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Click mouse button to advance screen BIRD STRIKES! Be alert and aware! Know the risks! Avoid & Survive!

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Presentation on theme: "Click mouse button to advance screen BIRD STRIKES! Be alert and aware! Know the risks! Avoid & Survive!"— Presentation transcript:

1 Click mouse button to advance screen BIRD STRIKES! Be alert and aware! Know the risks! Avoid & Survive!

2 BIRD STRIKES! BIRD STRIKES! Wing Fligh.Clinic0 Click mouse button to advance screen Objectives of This Training: Improve your understanding of risk factors Reduce the likelihood of bird strikes in CAP Improve your awareness of the issue of bird strikes

3 BIRD STRIKES! This presentation is based on documents prepared by the FAA and in cooperation with the U.S. Department of Agriculture. The emergency forced landing of US Airways Flight 1549 in the Hudson River on 15 January 2009 after Canada geese were ingested in both engines of the Airbus 320 dramatically demonstrated to the public that bird strikes are a serious aviation safety issue. For more detailed data, see the above report on the: mitigation.tc.faa.gov/wildlife/downloads/ BASH90-09.pdf website.

4 Click mouse button to advance screen BIRD STRIKE!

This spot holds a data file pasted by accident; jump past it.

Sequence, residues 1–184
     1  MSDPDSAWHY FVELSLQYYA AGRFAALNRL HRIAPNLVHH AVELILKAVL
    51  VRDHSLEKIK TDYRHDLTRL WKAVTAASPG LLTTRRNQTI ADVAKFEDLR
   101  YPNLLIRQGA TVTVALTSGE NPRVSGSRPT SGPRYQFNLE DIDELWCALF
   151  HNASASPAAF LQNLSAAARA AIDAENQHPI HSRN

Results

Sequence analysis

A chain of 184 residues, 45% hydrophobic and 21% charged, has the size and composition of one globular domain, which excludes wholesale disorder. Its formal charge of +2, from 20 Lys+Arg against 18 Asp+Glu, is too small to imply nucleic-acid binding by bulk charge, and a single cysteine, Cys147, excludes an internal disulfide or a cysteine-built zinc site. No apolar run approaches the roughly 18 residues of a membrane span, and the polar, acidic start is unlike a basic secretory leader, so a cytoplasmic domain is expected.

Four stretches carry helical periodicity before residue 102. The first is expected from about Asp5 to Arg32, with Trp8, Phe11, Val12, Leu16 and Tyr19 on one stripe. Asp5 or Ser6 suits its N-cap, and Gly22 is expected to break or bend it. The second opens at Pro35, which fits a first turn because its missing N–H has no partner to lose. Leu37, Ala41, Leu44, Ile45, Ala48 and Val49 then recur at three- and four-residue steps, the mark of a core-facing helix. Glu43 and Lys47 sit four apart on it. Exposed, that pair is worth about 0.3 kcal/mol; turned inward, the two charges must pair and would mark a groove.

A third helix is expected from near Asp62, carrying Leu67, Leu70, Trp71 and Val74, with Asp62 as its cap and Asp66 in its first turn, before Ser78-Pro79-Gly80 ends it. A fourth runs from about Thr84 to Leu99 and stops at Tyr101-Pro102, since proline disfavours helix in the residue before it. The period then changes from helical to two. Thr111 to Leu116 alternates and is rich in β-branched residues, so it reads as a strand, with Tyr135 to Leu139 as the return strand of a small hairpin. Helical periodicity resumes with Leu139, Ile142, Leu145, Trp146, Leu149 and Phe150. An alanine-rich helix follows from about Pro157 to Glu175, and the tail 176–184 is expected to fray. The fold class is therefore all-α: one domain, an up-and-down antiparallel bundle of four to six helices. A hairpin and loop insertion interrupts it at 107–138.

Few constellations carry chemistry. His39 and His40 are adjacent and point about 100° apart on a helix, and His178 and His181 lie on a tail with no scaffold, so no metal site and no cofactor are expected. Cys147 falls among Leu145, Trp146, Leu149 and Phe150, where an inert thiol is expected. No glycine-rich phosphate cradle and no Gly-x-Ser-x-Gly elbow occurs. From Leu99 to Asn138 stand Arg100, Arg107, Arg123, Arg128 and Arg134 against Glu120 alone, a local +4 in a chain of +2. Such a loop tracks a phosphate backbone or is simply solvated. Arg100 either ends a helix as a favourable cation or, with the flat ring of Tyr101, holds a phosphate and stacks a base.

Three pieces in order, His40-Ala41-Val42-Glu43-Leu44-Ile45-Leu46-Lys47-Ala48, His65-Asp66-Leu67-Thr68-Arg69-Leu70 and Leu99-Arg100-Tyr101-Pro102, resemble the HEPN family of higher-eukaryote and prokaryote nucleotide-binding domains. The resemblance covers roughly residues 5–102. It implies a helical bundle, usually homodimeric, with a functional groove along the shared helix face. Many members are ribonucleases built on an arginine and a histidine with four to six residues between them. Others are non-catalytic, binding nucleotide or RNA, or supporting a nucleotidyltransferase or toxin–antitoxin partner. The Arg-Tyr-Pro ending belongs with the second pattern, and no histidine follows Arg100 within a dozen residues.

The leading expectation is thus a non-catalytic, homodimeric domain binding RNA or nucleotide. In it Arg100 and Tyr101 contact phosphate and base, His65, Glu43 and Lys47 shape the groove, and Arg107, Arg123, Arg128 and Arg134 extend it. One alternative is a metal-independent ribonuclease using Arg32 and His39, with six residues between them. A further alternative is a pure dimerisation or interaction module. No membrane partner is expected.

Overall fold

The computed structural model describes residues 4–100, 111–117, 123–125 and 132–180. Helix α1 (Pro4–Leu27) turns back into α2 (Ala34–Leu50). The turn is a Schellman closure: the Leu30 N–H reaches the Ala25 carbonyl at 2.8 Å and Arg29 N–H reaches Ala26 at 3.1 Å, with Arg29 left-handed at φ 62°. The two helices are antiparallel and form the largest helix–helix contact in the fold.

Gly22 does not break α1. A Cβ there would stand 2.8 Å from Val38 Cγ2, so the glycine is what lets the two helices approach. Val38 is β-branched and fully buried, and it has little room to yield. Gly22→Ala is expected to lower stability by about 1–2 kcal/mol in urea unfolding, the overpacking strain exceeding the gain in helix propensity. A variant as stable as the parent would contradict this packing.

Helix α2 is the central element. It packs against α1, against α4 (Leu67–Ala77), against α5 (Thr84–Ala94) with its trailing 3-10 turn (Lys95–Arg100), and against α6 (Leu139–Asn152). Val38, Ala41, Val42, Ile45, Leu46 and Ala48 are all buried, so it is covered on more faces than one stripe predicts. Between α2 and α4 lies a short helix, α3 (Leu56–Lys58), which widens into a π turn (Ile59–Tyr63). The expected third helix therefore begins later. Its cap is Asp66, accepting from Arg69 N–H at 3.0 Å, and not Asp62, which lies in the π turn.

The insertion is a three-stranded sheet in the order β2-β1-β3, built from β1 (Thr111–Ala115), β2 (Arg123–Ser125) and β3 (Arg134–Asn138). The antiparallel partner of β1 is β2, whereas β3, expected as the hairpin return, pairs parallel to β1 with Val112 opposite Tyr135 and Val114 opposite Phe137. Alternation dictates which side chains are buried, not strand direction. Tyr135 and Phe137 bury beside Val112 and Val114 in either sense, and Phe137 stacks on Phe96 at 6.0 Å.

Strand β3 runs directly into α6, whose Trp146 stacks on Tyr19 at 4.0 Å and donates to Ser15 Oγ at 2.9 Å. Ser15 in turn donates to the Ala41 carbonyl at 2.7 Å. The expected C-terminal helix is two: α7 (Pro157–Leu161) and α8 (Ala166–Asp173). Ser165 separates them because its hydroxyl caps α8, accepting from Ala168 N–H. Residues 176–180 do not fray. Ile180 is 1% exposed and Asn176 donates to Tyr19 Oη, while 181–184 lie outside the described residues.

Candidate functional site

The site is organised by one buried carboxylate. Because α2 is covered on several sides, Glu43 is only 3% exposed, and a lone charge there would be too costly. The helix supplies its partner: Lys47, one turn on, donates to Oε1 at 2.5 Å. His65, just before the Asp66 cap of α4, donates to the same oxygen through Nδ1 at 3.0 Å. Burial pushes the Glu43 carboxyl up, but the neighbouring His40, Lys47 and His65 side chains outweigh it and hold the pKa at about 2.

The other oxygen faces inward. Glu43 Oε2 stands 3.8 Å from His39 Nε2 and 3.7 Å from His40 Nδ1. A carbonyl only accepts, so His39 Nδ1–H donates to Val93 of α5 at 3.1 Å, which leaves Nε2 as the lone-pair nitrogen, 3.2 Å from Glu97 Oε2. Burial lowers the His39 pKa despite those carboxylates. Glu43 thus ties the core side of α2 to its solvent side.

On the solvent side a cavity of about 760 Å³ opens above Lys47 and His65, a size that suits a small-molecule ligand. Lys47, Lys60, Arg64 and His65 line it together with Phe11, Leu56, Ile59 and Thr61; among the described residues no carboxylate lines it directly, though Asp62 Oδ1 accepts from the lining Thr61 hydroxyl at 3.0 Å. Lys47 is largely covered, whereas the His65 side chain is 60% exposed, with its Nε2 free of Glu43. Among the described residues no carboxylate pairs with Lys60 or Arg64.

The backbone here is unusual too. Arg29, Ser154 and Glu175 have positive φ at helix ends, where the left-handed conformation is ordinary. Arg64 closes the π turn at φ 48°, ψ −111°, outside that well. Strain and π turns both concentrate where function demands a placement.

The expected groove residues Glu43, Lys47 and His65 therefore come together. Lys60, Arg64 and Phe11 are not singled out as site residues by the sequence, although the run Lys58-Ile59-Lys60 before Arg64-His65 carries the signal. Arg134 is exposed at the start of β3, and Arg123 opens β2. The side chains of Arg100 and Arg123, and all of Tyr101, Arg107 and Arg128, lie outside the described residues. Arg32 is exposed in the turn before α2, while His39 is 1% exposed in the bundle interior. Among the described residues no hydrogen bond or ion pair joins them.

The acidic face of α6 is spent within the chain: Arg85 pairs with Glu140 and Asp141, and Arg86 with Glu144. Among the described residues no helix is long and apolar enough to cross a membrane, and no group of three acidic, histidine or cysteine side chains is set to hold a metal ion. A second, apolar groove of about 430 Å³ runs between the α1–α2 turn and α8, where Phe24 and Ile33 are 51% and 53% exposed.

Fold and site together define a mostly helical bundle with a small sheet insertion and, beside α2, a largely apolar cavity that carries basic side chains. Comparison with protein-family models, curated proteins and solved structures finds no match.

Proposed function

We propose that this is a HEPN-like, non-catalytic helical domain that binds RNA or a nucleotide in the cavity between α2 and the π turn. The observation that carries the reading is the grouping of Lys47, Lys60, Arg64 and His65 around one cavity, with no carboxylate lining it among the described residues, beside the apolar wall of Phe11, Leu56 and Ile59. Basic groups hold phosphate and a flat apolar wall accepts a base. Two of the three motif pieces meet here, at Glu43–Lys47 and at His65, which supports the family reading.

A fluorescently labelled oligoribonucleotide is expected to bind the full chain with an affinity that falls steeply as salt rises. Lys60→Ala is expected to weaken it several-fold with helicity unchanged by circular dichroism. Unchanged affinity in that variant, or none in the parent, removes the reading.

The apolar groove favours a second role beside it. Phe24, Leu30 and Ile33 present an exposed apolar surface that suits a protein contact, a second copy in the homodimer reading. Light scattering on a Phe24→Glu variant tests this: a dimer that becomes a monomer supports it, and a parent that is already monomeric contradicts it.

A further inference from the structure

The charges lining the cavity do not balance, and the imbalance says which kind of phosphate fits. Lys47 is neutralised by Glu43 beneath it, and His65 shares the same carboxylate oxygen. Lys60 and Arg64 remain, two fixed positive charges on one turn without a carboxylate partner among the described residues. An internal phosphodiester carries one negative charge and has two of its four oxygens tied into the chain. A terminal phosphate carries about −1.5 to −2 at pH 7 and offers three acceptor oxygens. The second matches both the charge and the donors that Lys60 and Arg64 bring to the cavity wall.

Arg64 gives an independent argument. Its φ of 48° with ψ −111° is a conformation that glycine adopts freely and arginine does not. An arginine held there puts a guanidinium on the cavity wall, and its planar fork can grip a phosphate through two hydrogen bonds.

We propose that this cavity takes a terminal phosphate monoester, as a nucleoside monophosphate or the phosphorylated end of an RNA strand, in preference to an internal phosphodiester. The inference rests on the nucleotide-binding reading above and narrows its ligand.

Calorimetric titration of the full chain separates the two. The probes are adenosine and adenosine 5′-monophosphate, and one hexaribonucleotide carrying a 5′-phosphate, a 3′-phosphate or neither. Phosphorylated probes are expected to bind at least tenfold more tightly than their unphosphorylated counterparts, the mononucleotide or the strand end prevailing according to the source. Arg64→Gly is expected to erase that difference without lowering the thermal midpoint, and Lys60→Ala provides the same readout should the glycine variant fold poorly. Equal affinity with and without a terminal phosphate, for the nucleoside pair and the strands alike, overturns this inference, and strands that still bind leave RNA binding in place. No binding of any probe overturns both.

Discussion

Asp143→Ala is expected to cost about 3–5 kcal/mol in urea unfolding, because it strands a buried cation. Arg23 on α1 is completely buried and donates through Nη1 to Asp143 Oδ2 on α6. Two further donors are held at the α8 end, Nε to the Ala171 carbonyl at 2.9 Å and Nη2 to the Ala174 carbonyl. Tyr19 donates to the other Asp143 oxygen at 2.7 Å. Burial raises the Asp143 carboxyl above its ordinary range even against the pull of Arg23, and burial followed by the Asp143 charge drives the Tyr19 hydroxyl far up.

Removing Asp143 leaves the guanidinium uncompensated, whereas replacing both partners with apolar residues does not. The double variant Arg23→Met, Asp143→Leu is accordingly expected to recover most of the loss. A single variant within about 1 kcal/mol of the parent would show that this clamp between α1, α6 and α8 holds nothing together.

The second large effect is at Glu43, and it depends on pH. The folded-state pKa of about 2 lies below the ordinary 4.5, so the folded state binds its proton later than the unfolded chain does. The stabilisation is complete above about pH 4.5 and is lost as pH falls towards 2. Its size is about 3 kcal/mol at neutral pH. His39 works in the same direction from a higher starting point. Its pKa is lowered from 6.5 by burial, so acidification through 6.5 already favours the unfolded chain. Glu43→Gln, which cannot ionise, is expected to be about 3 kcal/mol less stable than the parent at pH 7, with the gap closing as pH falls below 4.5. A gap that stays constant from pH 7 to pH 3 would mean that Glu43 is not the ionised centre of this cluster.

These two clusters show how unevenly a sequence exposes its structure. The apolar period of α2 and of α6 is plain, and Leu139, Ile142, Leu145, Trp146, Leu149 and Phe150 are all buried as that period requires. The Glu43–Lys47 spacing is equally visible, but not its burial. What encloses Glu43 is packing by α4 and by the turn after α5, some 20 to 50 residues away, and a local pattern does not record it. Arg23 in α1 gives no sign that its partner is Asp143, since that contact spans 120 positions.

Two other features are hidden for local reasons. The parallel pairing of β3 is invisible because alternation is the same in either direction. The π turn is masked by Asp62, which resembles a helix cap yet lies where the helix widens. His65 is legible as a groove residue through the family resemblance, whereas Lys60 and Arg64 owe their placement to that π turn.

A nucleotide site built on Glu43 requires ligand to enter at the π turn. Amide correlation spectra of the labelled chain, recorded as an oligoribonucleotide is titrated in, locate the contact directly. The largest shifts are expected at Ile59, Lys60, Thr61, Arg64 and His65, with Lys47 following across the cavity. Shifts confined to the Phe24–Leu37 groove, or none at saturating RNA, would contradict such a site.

5 Click mouse button to advance screen BIRD STRIKE!

6 Click mouse button to advance screen BIRD STRIKE!

7 Click mouse button to advance screen BIRD STRIKE!

8 Click mouse button to advance screen BIRD STRIKE BIRD STRIKE

9 Click mouse button to advance screen BIRD STRIKE! l BIRD STRIKE!

10 Click mouse button to advance screen BIRD STRIKES! Was there anything in the luggage that was worth your life? This was US Airways flight 1549 Airbus 320 that landed in the Hudson due to loss of engine power from bird ingestion in both engines. Some persons in this photo actually stopped and grabbed their bags from the overhead bins during the evacuation.

11 Click mouse button to advance screen MN Wing Flight Clinic: Bird Strikes BIRD STRIKE STATS Bird strike reports have increased alarmingly over the last 20 years.

12 Click mouse button to advance screen Many populations of wildlife species commonly involved in strikes have increased markedly in the last few decades and adapted to living in urban environments, including airports. Thirteen of the 14 bird species in North America with mean body masses greater than 8 lbs have shown significant population increases over the past three decades. The number of strikes annually reported more than quintupled from 1,759 in 1990 to 9,474 in BIRD STRIKE FACTS

13 Click mouse button to advance screen MN Wing Flight Clinic: Bird Strikes Canada Goose Population Increase Population Increase Explosive growth of the Canada goose population in the U.S.

14 Click mouse button to advance screen BIRD STRIKE STATS Bird strikes can occur anytime, but the prime months are July through October. 51% of the annual total.

15 Click mouse button to advance screen BIRD STRIKE STATS Since most flights occur during the day, more bird strikes occur then. However, birds do also fly at night.